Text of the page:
Preconceived notions can led unsuspecting readers to form wrong conclusions.

For example, who comes to mind when I tell you: 

In the first century of the Common Era, there appeared at the eastern end of the Mediterranean a remarkable religious leader who taught the worship of one true God and declared that religion meant not the sacrifice of beasts but the practice of charity and piety and the shunning of hatred and hostility.  

He was said to have worked miracles of goodness, casting out demons, healing the sick, raising the dead. His exemplary life led some of his followers to claim he was a son of God, though he called himself the son of a man.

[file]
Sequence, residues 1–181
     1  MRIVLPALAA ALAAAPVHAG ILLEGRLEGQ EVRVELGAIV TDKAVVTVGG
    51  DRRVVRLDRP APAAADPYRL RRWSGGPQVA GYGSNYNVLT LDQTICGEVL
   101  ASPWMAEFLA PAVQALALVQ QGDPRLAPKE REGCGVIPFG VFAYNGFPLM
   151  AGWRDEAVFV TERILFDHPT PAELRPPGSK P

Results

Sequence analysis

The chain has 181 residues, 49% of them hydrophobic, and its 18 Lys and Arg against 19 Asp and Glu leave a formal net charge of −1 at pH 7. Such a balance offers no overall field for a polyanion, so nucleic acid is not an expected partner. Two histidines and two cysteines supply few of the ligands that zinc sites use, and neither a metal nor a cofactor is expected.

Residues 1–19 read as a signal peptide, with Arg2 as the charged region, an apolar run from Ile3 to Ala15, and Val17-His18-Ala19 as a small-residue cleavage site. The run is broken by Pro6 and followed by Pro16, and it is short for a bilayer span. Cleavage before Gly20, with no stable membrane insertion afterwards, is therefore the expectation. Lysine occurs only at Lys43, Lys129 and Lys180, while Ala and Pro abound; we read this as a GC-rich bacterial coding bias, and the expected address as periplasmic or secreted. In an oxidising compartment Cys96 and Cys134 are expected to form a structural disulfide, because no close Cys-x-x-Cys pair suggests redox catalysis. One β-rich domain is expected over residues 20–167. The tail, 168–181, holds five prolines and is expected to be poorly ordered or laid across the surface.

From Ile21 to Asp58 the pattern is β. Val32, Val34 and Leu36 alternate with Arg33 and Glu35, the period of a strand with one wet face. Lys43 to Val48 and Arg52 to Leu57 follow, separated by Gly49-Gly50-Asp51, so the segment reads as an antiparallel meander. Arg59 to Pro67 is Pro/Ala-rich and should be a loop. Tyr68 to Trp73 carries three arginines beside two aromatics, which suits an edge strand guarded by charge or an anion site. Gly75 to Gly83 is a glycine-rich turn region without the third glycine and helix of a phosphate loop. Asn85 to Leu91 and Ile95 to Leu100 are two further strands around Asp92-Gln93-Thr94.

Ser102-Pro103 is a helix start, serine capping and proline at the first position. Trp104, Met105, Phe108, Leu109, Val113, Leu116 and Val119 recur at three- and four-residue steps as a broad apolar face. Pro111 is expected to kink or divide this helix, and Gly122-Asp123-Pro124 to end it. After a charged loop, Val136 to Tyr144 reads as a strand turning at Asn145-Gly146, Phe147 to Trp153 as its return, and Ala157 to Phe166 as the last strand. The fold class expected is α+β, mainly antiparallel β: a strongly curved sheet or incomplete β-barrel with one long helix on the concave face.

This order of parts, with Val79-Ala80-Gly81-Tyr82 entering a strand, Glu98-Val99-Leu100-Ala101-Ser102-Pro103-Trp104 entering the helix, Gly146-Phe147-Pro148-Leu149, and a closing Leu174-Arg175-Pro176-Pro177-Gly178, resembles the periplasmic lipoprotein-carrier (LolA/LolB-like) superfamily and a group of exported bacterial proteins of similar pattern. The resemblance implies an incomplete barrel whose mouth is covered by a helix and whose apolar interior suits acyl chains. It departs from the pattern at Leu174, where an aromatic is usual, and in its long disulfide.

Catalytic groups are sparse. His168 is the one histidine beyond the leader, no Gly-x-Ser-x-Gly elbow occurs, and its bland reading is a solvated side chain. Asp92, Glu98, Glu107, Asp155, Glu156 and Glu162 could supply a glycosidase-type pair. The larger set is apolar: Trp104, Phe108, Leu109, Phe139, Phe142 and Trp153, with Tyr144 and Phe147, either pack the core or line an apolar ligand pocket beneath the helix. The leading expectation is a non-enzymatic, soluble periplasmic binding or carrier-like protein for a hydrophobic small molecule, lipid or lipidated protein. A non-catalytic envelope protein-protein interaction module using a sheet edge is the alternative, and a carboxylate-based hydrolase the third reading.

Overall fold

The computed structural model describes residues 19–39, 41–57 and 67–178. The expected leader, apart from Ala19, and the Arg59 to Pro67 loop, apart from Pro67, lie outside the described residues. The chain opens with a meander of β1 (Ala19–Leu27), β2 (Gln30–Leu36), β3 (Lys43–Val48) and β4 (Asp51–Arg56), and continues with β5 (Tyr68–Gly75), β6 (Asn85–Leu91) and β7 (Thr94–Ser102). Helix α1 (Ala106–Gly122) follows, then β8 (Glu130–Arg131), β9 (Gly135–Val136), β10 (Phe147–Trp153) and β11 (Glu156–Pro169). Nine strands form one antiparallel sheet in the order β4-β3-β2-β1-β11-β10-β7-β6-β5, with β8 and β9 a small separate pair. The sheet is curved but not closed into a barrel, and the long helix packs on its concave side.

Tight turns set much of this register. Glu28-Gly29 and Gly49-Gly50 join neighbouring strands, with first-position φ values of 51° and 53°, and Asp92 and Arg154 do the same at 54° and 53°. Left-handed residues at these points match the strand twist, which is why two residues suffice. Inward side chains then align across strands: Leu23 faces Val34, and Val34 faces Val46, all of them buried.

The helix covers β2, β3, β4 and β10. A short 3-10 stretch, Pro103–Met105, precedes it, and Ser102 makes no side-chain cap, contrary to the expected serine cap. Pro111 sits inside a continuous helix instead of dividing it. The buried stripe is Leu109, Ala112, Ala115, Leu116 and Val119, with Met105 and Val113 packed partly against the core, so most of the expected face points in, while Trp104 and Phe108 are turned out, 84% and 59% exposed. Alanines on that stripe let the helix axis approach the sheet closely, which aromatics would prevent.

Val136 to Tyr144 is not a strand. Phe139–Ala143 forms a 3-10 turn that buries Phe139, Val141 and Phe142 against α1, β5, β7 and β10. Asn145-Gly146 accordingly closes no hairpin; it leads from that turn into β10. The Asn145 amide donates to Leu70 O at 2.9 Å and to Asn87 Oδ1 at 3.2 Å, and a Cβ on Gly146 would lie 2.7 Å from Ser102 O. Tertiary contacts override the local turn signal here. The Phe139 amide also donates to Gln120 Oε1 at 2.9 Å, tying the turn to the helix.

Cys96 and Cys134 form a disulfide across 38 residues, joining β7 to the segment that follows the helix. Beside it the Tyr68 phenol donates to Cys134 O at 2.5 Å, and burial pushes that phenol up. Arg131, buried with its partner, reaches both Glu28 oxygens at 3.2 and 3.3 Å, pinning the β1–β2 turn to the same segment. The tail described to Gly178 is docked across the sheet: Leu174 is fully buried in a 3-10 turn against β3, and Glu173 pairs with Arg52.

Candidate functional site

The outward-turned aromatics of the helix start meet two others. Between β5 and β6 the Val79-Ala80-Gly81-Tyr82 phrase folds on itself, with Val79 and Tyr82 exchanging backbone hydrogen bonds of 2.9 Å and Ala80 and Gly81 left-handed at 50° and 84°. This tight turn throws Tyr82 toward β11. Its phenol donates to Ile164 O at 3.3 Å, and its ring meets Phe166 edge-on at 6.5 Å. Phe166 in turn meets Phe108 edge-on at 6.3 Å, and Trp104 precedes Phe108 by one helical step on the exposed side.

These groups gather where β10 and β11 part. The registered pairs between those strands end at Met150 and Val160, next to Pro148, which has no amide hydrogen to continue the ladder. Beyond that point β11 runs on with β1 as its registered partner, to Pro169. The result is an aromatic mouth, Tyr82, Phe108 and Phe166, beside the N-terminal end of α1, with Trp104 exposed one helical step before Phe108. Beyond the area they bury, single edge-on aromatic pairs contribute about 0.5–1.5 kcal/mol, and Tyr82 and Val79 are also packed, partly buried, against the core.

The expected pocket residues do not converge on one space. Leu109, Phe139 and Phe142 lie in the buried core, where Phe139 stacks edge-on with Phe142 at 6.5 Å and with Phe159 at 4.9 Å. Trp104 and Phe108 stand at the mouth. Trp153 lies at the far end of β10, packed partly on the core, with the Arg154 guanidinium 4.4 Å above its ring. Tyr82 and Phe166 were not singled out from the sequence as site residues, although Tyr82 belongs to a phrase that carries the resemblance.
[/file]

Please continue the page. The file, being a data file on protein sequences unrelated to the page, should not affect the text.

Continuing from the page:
Accused of sedition against Rome, he was arrested. After his death, his disciples claimed he had risen from the dead, appeared to them alive, and then ascended to heaven. 

Who was this teacher and wonder-worker?  

His name was Apollonius of Tyana; he died about 98 CE and his story may be read in Flavius Philostratus Life of Apollonius. 1 

See what happens when you have preconceived ideas before you read the facts? 




1. The Life and Times of Apollonius of Tyana, trans. Charles P Eells, New York: AMS, 1967